, ...-: EILBIOBB AND. 808 BLEBS. ' .'
~ •1, •.n 1 ,L li4l (!: I , .. ' : . ' I ,'
. i ' .-......._„..
•Wo are iormated too anything in caw line an abina
notice Ana intho bald. manner. idataklop. graven.
toed. . , i „ JIOPUGUTOIi, BR di CB','
--- - --
JAS pow stock, and will ki;ap constantly on
fl; at tho lowest market quotations.
001 Twine, 94 4 ply cotton & ittatwine. blarlin
8 & A strand. litiowl's patent Eitep Ladder, from 8 to Bft.
i ' ,
JACK RCKETVB, TACKLE B 'OKA WEEK
OLOIII AND VIBE GO.
tpit 011JMILING SAWS.
. A full asa l tment , of LAke Huron and Berea
,•i • •
,n,mkoNE9,- BANAL WHEEL BAR
' TIMM Di ANY QUANTITY,
t4ILL.A. FROM' ONE
• •: F 1144111-Doitif. '"'"
Y,,, 14 2, extra engine oil.. A rwini.l,:te assortment of
Nuut3 IstrlJ4iatB AND Dant.
irt.y) HAND. 1.10 TOM
.rrsxc r oN , AOR toi
:•1:• . ' ' .
(k um tu aid Late ttlook, get tile figures and see how
la yotiraelt, 0.14 ohpge. J. toIEIFFEI.III. Jr. t .!
lan. I, 187/ i .
l amliolv fccefliag dire,t from thu Importtra a full
CHINA AND GLASS WARE,
with u goo.l odsortiu - pit of
Table Catlery ki Plated Ware;
elin,,g4c. • . •
Dry Goods, Clothing, &e.,
I will sell at greatly reduced prima .to wale: pima for
, • a full and couipleto stook Of -
Table and House Furnishing Goods,
of whichproposeboreofter to keep - R full and Qom-
April 3. 1873.-tr.
CARRIACMS Br, WAGONS !
WKS undersigned is prepared to furnish Cargoes..
Wagons. fluMlca, ata., on abort notk r o, and on ras
sonablo terms. H. H. Borden of Tloga, and ,H.
Wheeler of Lawrenceville. agents. OW id the
sbcnos plaoea. or my shop tea WeLtaboro, and examine
work Were purchasing elsew here. .
• Jan. 0. J. WHEELER,
The Thorough Bred Jack,
33 coax • eTILI.8012:. •
11113 celebrated Jack will stand for mares the en.
suing station, at the firm of the subscritiet, 'in
3F, 6 014 , 5s
aboutitwo miles north of Holidaytown, TiOgo-Co.
PEntansa.—Don Juan is 8 years old, and 14 hands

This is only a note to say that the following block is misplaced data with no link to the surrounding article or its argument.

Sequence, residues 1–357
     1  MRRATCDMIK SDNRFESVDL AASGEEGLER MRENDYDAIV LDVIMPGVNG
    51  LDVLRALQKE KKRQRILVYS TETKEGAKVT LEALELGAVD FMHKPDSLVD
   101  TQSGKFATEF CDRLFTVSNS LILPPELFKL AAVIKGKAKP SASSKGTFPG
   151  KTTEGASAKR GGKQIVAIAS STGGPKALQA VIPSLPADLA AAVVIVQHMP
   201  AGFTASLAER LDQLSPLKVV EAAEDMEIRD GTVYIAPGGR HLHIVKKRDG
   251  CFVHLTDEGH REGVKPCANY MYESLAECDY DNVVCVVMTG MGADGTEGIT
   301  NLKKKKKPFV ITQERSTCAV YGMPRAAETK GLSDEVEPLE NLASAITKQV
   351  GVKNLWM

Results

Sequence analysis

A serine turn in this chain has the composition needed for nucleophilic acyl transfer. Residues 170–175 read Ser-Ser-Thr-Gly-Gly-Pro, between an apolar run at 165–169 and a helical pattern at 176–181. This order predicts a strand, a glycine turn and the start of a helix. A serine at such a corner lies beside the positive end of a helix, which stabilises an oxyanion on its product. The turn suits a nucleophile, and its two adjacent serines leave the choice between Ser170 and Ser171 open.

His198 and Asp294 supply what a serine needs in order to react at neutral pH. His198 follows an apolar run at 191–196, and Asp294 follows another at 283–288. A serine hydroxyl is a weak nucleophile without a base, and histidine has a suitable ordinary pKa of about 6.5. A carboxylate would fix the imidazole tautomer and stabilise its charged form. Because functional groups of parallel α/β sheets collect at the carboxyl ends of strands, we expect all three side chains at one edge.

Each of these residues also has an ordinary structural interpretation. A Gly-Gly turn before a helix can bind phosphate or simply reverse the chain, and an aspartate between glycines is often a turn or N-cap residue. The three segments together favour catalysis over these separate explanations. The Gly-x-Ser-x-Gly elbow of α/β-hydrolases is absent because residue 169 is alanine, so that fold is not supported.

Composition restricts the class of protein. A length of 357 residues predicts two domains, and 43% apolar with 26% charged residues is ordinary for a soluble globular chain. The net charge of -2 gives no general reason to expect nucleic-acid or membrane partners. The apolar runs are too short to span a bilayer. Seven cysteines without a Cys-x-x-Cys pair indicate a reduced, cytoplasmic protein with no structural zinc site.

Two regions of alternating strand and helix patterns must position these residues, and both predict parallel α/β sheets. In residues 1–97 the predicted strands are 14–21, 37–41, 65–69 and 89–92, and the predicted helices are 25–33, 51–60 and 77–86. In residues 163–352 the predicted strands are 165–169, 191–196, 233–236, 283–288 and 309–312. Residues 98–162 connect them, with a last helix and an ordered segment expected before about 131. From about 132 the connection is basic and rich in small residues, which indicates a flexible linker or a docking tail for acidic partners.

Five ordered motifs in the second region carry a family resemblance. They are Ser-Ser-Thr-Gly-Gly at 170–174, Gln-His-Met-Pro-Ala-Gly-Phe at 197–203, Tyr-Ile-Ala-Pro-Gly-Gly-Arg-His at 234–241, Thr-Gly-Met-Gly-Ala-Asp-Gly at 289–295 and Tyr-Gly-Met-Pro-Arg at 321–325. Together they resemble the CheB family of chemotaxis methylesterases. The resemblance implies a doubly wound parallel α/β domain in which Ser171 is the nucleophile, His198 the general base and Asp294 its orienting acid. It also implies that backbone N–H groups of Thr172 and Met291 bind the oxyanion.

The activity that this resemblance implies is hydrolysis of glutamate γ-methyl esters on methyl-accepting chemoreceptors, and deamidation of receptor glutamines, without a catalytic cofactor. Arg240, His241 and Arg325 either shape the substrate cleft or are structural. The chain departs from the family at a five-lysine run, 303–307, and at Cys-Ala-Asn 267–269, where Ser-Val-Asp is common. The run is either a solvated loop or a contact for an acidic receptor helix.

hieh. ' His giro was imported from Matta, Spain, to
liontncky, from thorn to Missouri, ht an erpenso of
three i housand dollars • and was brought from idts•
Bowl io Ponnsylvaula by Wm. B. Smith. 'His dam IS,
a tltorOugh-bred Jonnet, both of the Andrew Jackson
stook, and be is a sure loal•gettor. • He _weighs 900 lbs.
Owners of mares Wishing the services of a suil'erriOr
animal should not fail to secure But shrviees of
Juan. His stock cast be seen at the farm of tho sub.
horibor, Persons coming from a distance can be as . -
rommodoted w h keeping for Marts at reasonable
eitme.-410 f r.a single mare SS by the season;
c. - i; by the leap.
Any porgrht It I ing a. nterc tnenren and tiarting With.
liar trofecollin time .it foaling. wilt- 1.,, mild acconnta
bhi for the hours 111411lo1' ;t is in overt that
th„ inaro veto nr,t ith foal , mares must he
reinrue4,r , wthlrly :to thr..',114-,'ne, tile'owilere will he
rlonyed the hisnreaLo money. Insinanoo ni title
Bilweli bat, 1873.
- 11111) W
A.pni laT2 •
MtreatiTit vi'ytt•ti N;11 . 1 6 V —T.Clters
tetretiou lies been eTtrited on the osiati• of
Lawflize th•netniel, mite of Delmar township,
alipniers , nti in.l.4)t. - 3 to or ),aunt, rises.. sonnet el/f1
C will settle With • ' aftTFOltr) BUTLER.
Ilettour, May 8, 1812, • . -
A nrat.claas Val) ro:.,li , rs:tuid.; his bileilLSß
thoroiirnly and rAm *..f a Ilhop. and
who alio amoviedg. of Plmbing. He 11111 Pt
tl t :e a prnaileal knowledge of both.. Good wages and
gteady employment given.
30131 , 7 It. ANDERSON. Agit.
May 22 1871
THE CLAY HORS . 1 1
ritHIS col chrzha4, beathlooled stallion var kept in
1 titia - vicluity will stand Ude aussou Illy. at the.
Ilile ot'',lftles O'Connor In
I WiDiliEilliZaCar Cle X.
'ids holes to in.t kept for profit , bet to tu , prove the,
by iof burgles in Ttoga county. Ills stock .lolubjnea
0 eld. stietnith and endlaranee. Hu ler ball bmthefr to
. • abaft," was raised in the State of Now Jersey , is 16)4,
da high, dark bay, weighs 1,100 pounds , and trotted
w en 4 years old 114 Wad th 2.30.
His tarots bewet.fore uniformly bars boen 180 ; 140
la,f tbu Watson, and tOO to Insure. This season his
akyrke will bo $lO tut tech mate, 'Lash iu advancteor
approval note. ,
N. 13.—C1 ell be attended by the polite and 'gen
tleutauly civil dmtinter known professionally as •Ilkar
April 24.1872.-Bw. • CHUM= VENT9N.
WIN - El 3, to., kc. I
clintNING. N. V
My stock of
0. B. ItIiLLEY
Piano: Fortes and Organsi
NBANTENG PIANOS Olt OItOANS wifl
J. it pertly to their iutoreot to buy of
• 1; i CAF.:,OYT & Co.
'We ape selling the best lanitrurnente et lowest prices,
and on, the =wit favorable twee!
A art laiiiiiP/ANO poem:saes ie
thda, v : the tone is divested oi
feet oq trot power throughout
resonance 4.4 duration of tone. I
The touch is elastic, equal, ear
mend mend of the fingers.
A d ete ct in iiiiy one of these no